h1

Is the climate issue going to give Dave a headache?

February 6th, 2010

How’s the increasing scepticism going to play?

One of David Cameron’s early acts in detoxifying the Conservative brand was the increased focus on the environment and combating climate change. That was in a different, pre-recession world and the legacy of those policy decisions could be about to cause the Tory leadership problems.

The BBC-commissioned Populus poll reports a significant shift in public attitudes on climate change, with the proportion who don’t think global warming is taking place having increased from 15% to 25% since November 2009. The share who believe it is happening and is largely man-made has fallen from 41% to just 26% in the same timeframe.

All the main political parties’ leaderships are committed to tackling climate change but the question is now whether at least some of them are getting out of step with the voters – in particular, their voters?

Annoyingly for us, there was no voting intention question asked, meaning that we don’t know how different parties’ voters see the issue. When the Times commissioned the November poll, Populus did ask a voting intention question and while 45% and 47% of Labour and Lib Dem supporters respectively accepted climate change as predominantly manmade, the only 38% of Tories did. By contrast, 20% of Tories did not accept that it was happening at all, compared to just 12% of both Labour and Lib Dem voters.

The swing to the more sceptical stance is across the board but particularly strong in the older age groups: a demographic both more likely to vote Conservative and more likely to turn out. By contrast, the swing towards scepticism was also heavier in the lower social groups – more traditional Labour territory.

What’s caused all this? The BBC article skims over the unusually cold and snowy British winter but it would be surprising if it didn’t have some impact, especially among those who aren’t well versed in the scientific arguments.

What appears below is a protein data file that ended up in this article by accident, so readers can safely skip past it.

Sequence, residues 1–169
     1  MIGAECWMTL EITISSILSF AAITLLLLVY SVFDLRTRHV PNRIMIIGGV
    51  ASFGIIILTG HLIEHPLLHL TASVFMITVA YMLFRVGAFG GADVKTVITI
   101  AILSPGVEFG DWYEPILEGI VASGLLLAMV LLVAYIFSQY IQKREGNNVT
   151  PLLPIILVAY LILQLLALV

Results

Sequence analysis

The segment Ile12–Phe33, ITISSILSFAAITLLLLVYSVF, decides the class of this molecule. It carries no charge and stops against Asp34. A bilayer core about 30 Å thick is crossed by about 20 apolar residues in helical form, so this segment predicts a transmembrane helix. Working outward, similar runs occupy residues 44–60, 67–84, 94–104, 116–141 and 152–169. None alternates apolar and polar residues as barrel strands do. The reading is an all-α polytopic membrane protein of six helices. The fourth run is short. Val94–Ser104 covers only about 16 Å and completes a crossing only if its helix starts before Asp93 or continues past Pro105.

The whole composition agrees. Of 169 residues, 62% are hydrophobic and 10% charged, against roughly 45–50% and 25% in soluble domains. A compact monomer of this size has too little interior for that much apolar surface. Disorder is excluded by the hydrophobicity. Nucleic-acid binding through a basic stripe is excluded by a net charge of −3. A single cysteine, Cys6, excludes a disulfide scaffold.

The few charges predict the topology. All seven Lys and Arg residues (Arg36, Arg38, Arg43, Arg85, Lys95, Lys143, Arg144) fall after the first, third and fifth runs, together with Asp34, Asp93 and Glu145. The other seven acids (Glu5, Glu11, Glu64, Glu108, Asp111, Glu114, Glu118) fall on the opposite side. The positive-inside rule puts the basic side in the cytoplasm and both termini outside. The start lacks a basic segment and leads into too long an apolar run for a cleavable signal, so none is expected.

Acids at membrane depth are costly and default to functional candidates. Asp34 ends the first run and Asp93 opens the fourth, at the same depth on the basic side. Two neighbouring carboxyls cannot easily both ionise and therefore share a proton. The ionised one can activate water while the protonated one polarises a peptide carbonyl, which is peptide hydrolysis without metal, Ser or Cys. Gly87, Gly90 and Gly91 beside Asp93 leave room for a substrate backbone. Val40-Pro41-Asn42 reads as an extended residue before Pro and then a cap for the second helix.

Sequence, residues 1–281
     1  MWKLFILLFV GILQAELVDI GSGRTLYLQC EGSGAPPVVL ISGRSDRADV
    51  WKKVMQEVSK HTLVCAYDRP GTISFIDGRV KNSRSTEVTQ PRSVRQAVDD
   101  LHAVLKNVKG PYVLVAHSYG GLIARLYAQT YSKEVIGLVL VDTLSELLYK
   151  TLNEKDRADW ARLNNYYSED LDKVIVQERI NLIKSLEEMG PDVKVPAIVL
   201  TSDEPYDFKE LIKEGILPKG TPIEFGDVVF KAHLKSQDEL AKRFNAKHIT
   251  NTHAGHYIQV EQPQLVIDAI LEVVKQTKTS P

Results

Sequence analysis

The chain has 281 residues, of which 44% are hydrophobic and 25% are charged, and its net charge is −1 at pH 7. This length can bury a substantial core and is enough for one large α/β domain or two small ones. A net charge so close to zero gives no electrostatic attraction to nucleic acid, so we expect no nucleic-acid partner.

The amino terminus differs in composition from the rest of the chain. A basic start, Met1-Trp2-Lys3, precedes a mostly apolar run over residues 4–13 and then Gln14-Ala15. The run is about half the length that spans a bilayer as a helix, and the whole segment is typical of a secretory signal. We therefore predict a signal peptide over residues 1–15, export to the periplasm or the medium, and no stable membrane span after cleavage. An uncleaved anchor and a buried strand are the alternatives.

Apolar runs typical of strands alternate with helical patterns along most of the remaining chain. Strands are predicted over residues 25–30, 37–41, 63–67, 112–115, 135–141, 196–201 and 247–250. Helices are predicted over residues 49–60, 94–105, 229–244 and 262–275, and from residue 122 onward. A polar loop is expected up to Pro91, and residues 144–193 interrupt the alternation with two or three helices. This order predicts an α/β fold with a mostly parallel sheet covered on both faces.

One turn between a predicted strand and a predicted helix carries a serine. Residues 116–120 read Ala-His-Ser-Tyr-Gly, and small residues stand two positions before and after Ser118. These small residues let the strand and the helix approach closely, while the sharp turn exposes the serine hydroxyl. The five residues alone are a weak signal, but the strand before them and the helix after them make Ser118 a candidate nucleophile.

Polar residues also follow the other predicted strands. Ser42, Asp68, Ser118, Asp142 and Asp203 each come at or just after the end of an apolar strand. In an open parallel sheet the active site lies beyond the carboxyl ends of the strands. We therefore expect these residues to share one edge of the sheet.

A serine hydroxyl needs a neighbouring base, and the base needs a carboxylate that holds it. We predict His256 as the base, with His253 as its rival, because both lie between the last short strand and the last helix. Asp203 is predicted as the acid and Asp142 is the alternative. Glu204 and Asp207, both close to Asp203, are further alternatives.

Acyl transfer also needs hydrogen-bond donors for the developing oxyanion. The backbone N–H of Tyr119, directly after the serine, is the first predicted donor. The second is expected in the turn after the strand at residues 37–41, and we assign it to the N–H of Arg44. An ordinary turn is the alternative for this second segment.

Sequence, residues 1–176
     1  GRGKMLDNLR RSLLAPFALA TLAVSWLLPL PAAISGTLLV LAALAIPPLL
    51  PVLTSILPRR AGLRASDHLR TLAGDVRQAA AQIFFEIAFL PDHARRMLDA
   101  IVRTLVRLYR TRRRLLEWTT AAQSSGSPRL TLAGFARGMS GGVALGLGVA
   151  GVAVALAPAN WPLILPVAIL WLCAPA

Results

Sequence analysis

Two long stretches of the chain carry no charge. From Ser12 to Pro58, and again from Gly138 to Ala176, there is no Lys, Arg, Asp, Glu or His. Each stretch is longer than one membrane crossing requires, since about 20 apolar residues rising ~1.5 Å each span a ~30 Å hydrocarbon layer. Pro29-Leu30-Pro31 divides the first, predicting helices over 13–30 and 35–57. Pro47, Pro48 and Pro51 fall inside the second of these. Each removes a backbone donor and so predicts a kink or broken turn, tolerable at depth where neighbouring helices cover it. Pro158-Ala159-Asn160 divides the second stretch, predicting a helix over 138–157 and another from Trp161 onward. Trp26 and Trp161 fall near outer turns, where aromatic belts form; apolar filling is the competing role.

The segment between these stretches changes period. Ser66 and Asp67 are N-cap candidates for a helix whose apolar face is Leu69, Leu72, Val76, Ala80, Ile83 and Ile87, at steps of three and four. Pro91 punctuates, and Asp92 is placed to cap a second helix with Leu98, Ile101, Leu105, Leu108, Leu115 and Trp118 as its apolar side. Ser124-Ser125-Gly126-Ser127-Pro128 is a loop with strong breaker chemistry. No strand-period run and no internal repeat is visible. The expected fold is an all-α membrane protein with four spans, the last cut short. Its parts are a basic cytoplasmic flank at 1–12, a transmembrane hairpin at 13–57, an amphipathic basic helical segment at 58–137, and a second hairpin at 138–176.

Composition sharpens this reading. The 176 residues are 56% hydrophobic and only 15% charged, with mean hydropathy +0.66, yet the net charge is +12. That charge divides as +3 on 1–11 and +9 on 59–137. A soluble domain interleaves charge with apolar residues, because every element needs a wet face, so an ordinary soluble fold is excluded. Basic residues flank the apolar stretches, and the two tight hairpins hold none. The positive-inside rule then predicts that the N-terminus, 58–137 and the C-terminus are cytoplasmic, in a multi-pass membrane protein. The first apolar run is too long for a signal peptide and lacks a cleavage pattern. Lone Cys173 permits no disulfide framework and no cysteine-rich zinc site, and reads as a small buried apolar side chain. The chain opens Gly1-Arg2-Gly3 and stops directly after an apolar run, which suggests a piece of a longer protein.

The scandals around could also have played a part, though bizarrely, of the 57% who said that they’ve “heard stories of flaws or weaknesses in the science of climate change”, 16% are more convinced now of the risks of climate change compared to just 11% who are less convinced. The vast majority said the stories about e-mails and Himalayan glaciers made no difference.

Does this leave the Tories – and David Cameron in particular – with a problem? It’s probable that less than a quarter of the Tory vote believe in man-made climate change, while about two-fifths of it either believe it’s not happening at all or is a purely natural phenomenon.

That puts the Conservative policy well out of line with the party‘s supporters, and will significantly reduce the scope for raising taxes of the back of it.

There’s also the much more sceptical UKIP around to appeal to some disenchanted right-wingers. That said, Labour and the Lib Dems are far from in the clear either.

The problem could be a blip in opinion that melts with the winter snow. Even if that is the case, it’s pretty clear that there’s no widespread and deep public buy-in to climate change theory. Time to change the record and talk about energy security and resource preservation?

David Herdson